Zero deforestation: Easy promises, hard to deliver

A new CDP report highlights that the world's largest commodity and manufacturing firms are moving too slowly in implementing their zero deforestation pledges. It suggests a five-step plan to help them achieve it.

soybean encroaching into forest brazil
Aerial view of a soy field eating into natural rainforest in Brazil. Brazil is likely to take over the United States as China’s largest soybean supplier by 2050. Image: Shutterstock

Many of the world’s largest companies may have pledged to remove deforestation from their supply chains, but most of them are lagging on delivering these promises, a new study has found. 

Sustainability non-profit CDP, formerly known as the Carbon Disclosure Project, on Sunday released a report titled ‘Realising zero-deforestation: Transforming supply chains for the future’, showing a significant gap between company’s promises to protect forests and their ability to achieve a supply chain which is truly sustinable.

Katie McCoy, head of CDP’s forest programme told Eco-Business that companies wanting to implement their zero-deforestation commitments have to engage everyone in their supply chain to operate sustainably too. 

“There’s no way they are going to get there without transforming their supply chain”, she added.

CDP’s programme helps investors understand how firms address the impact of deforestation on their business.

Launched at the Global Landscapes Forum, held on the sidelines of the UN climate change conference in Paris, the report is based on survey responses from 171 of the world’s largest companies.

The questionnaire, administered by CDP on behalf of 298 investors with US$19 trillion in assets, asked these businesses how they manage their cattle products, palm oil, timber, and soy supply chains. These four commodities are ubiquitous in daily life but are widely linked to deforestation.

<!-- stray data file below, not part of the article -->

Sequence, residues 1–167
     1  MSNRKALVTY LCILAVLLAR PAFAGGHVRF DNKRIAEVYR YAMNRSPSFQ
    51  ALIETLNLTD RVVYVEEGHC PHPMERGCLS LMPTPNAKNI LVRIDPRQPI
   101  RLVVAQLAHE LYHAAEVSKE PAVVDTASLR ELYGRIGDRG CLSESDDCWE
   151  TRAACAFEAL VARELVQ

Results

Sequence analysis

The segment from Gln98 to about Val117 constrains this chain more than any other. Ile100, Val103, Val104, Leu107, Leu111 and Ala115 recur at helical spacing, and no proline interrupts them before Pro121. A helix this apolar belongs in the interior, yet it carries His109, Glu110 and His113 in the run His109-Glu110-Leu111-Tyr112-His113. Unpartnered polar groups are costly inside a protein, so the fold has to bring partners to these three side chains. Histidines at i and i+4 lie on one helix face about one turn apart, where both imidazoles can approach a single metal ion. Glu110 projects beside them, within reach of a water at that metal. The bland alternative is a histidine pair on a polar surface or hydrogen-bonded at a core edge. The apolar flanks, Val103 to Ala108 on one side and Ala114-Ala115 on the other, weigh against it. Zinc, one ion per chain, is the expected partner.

Jonas Kron, director of shareholder advocacy at US-based Trillium Asset Management, noted in a statement that investors want to know what companies are doing about the risk that deforestation poses to their business. 

“This is particularly true when we talk about agriculture,” he added. “It’s about the impact we have on climate change, and the impact that climate change has on supply chains”. 

The negative impacts of climate change and deforestation on companies include disputes with communities over land use, damage to a company’s brand and reputation, and difficulty in securing financing as banks stop deforestation-linked lending. 

About 70 per cent of companies surveyed recognise these risks, and have committed to address deforestation in their supply chain. These include food giants McDonald’s and Mars, palm oil firms First Resources Limited and Wilmar International and paper firms such as Asia Pulp and paper, among others. 

Protecting our forests is one of the best things we can do to prevent dangerous global warming.

Katie McCoy, head of forests, CDP

However, half of the companies which have promised to buy sustainable soy have yet to get any into their supply chains, the report found. For palm oil, this figure stands at 26 per cent.